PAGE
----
Cumerbatch is perfect for the role. A great balance of arrogance, charm and intellect that makes the character so engrossing for the viewer. His background as a studious doctor is ideal for the transition to magic.

Casting and acting are superb. Tilda Swinton was really good, Chiwetel Ejiofor and Benedict Wong were a great supporting duo. Everyone is funny, sometimes too much perhaps, but the way Cumberbatch plays off of the stoic faces of Ejiofor, Swinton and Wong works really well.

What I disliked…

Have we partly been down this road before? Yes. Is it a reason to dislike the film? Probably not. Is it a valid criticism? Hmm, maybe. But when you consider how inundated we are with comic book movies, it is no surprise that some of the tropes are becoming recognisable.

Derrikson doesn’t handle the hand to hand combat scenes as well as the Russo bros. As pretty as it looks, some of the fight scenes lack the visceral quality that we have come to adore about the ol’ Cap movies.

Seems “strange” that our protagonist adamantly denies the existence of any magical elements in the world, despite the fact its set after the Avengers, with Thor, Vision, Scarlet Witch and Co regularly tearing shit up with their powers. Maybe I missed something that explained otherwise, but it feels like the good doctor would at least reference the existence of “enhanced persons”. Wong does, and the doc hardly responds.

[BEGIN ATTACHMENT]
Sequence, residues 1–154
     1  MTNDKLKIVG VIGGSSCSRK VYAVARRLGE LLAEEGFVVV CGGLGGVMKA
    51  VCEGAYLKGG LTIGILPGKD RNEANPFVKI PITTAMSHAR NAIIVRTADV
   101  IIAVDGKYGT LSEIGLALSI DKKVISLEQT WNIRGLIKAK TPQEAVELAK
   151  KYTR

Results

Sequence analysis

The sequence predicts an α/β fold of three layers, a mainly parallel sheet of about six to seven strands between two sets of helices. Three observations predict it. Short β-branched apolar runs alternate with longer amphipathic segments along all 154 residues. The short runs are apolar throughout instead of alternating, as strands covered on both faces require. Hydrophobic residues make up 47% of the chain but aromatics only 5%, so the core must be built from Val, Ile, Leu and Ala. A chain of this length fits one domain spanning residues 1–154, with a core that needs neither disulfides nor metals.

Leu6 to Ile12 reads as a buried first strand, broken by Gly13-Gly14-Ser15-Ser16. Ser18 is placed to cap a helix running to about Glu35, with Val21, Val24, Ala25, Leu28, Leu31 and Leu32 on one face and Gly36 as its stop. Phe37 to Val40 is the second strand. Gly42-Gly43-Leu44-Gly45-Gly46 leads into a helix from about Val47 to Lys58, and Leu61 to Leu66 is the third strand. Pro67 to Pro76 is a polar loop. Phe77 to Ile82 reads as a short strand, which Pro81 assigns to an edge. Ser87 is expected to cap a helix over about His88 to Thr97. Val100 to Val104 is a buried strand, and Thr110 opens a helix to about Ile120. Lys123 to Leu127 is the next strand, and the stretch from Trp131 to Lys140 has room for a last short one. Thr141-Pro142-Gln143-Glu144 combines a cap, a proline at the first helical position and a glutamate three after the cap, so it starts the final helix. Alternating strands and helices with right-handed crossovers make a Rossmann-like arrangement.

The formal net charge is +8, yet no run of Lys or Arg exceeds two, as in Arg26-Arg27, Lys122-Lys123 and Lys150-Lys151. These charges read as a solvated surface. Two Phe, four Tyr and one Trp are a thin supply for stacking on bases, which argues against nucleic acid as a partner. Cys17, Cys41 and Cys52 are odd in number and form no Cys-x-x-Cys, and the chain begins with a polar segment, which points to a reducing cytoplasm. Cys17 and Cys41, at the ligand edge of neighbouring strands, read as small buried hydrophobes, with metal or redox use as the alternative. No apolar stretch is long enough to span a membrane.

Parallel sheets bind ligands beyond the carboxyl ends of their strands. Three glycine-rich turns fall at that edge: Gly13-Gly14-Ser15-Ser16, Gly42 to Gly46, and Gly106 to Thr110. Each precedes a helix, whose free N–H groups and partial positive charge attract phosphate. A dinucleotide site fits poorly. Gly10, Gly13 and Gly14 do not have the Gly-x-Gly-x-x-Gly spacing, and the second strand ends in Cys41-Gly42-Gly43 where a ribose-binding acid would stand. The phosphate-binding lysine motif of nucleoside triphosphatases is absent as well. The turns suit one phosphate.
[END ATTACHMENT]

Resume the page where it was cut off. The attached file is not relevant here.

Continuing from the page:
Another lame selection of Marvel villains? I would say so. Kaecilius didn’t really develop too much as a character, and the main bad guy was very recognisable as well from previous interpretations (Green Lantern anyone?).  Perhaps more back story to the central turncoat would have made more of Mikkelsen’s talents and fleshed out a more Loki-esque antagonist to get our teeth into. Instead we are treated to a bit of a purple-eyed plot device.

Shapstik Verdict: Probably regret not seeing this in 3D at the cinema as I can only imagine how amazing some of those city-bending scenes would be. But it still shines as one of the most original and entertaining Marvel films to date. Its visuals will no doubt steal the show for many, but for me, credit goes to both Cumberbatch and the writers on this one. 7/10